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Interview: Martin Scorsese

The iconic director, on Shutter Island, his works and proclivity for Italian leads


Getting together with directing legend Martin Scorsese offers the unique pleasure of hearing him describe his creative process and career milestones, which can be as fascinating to listen to as watching his movies. Also materializing during this conversation was Scorsese’s latest venture into moviemaking, his psychological crime thriller Shutter Island. So pressing matters up for discussion were bound to include the director’s own inclinations nearly as much as his detective star Leonardo DiCaprio, to play the sleuth himself while exploring the pathological depths of his mentally institutionalized characters. Though questions about Scorsese’s obsession with spending time around maniacs in a movie, being haunted by his own films, and his tendency to favor Italians as his leading men were not far behind.

Q: How come you cast Italians in your movies, is this like an Italian thing?

MARTIN SCORSESE: They’re half Italian! But I’ll tell you what it is, they’re Italian and Jewish, and they’re New Yorkers. It’s a New York thing basically. I don’t know!


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But it just happens that Leo is half Italian. And Mark Ruffalo, and of course DeNiro over the years, there’s no doubt. Also, the stories, too. Maybe it’s the stories that lend themselves to that type of performance of acting.

Q: What was your vision and your process, going into Shutter Island?

MS: Hey, that’s like asking how did you make the entire movie! And in my mind, I still haven’t quite finished it! But it was the world of that material as I imagined it, and how it turned out to be. And how it was revealed to be, with many different realities. So all that intrigued me.

I then sort of gave myself to the material, along with the actors. And I didn’t know where we would be, at any given time. And I think we discovered this as we went along. In other words, it was a process of discovery throughout, and that includes the editing of the picture.

That doesn’t mean I knew that it was going to be a process of discovery! I only had an intimation of that. And I didn’t know how much it would be. Though it turned out to be a great deal. But this is the way films are made.

Q: Is this movie political, with all the references to World War II, Nazis and McCarthyism?

MS: No, not at all. What got me was the nature of the character’s journey, and ultimately the fact that I was emotionally moved by the end of the story. So we never set out to do any of that, and I didn’t add anything.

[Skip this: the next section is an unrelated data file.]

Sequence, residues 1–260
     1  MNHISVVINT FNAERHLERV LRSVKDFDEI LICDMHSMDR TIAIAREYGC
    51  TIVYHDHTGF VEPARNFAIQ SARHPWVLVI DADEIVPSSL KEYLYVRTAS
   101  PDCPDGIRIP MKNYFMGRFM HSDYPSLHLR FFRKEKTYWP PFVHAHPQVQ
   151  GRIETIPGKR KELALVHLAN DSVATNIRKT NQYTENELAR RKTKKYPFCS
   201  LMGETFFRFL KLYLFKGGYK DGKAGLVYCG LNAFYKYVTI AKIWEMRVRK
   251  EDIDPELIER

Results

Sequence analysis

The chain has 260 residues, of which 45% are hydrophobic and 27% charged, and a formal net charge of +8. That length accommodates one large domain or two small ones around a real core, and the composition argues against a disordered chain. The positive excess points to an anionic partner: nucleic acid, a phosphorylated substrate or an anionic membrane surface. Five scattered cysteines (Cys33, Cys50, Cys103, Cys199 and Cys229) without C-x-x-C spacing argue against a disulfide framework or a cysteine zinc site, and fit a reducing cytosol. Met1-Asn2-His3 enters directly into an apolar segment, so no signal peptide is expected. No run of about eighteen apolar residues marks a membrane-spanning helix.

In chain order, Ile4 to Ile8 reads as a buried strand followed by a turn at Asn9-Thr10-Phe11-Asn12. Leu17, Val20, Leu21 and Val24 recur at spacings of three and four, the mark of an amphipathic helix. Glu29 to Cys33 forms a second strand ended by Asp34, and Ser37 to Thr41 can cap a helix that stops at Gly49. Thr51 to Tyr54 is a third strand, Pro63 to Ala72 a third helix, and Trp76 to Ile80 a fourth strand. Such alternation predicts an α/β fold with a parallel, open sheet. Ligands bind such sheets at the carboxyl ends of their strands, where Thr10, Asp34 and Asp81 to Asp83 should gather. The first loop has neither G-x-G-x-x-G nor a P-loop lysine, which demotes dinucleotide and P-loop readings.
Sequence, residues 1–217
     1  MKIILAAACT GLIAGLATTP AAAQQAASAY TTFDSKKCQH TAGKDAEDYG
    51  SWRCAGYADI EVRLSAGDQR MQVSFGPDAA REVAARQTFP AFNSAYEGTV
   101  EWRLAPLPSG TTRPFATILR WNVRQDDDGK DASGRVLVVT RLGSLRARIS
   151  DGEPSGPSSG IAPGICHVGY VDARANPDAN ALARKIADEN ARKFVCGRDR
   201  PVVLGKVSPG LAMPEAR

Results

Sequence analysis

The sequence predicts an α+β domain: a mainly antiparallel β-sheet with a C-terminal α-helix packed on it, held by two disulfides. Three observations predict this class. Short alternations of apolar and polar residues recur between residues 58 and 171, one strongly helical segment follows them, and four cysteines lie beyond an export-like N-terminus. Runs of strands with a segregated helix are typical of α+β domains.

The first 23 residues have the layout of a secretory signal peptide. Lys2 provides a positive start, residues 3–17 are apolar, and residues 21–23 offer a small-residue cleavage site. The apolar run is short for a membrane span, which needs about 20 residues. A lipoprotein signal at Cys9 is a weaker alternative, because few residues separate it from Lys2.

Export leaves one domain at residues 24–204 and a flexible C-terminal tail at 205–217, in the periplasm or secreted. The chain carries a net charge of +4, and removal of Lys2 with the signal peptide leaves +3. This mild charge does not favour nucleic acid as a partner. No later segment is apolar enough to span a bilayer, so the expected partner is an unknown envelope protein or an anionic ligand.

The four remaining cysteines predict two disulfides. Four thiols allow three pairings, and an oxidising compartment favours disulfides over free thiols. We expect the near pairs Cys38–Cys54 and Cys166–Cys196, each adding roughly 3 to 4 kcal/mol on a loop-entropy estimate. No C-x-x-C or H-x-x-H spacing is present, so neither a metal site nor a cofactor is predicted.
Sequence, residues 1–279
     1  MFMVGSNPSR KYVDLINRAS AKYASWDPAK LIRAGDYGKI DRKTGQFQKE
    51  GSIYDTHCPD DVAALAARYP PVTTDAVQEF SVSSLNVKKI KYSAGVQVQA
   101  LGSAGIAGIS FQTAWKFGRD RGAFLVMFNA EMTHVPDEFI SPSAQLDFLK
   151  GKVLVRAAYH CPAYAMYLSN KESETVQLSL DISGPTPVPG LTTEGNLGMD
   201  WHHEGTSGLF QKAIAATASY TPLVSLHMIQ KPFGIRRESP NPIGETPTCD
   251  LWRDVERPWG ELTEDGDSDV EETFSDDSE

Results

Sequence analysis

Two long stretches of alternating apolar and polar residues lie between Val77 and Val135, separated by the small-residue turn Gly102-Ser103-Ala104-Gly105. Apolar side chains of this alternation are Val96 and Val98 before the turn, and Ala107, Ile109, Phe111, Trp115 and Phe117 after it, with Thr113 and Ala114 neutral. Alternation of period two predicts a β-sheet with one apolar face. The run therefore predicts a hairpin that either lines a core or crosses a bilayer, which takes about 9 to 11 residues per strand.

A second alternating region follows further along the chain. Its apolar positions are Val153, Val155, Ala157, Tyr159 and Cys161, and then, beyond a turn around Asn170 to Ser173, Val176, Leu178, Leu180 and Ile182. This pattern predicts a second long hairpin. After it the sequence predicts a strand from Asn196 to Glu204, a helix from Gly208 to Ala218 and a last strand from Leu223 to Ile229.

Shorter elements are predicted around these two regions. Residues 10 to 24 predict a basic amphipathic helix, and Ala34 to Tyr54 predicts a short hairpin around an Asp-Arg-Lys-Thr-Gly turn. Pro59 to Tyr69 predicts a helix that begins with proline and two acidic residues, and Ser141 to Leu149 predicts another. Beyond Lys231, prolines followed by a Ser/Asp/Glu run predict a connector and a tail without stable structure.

But I don’t know if there are any levels, political levels. There might be. There might very well be, that are inherent in the material.

Q: How did you know that Leonardo would be just the guy to be your leading man in your movie?

MS: We’ve been working together, this is four pictures together now in a row. And by the second picture, The Aviator, I knew it. Particularly in the scene where he was sort of stuck in the screening room for 12 days and nights while we were shooting, stuck in the screening room alone and talking to himself.

So I felt that we were finding things, in a way. And I just thought that it would be a collaboration that’s worth pursuing. Because we would work together and pretty much agree on what we wanted to do. I also know that if I asked him for something, I seemed to get it and get more.

Q: And this one has been the best so far?

MS: Ah, I think so. I kept seeing that he’s very brave and so I’d say, “What if we pushed that and what if we go there?” And then we’d go off someplace else and I’d go, “Why don’t you come back here? Could you come back and then we could try again this way?”

There were a couple of times too where he’d suddenly say, “I don’t know where I am or what I’m doing!” And I’d say, “That’s OK. Let’s start again.” What that was, I guess and I didn’t know this, but I think it’s an issue of wiping the slate clean.

You know, just getting all the thinking out of the way, and just dealing with his primal emotions. I think that’s what happened. And when that happens, it’s amazing sometimes. It comes together. It’s exciting.

But it’s a fine line. And it’s very, very beautifully put together by Sir Ben [Kingsley] and Leo, and all of them. This also by the way, is the trust between the actors. So we had a pretty good time that way.

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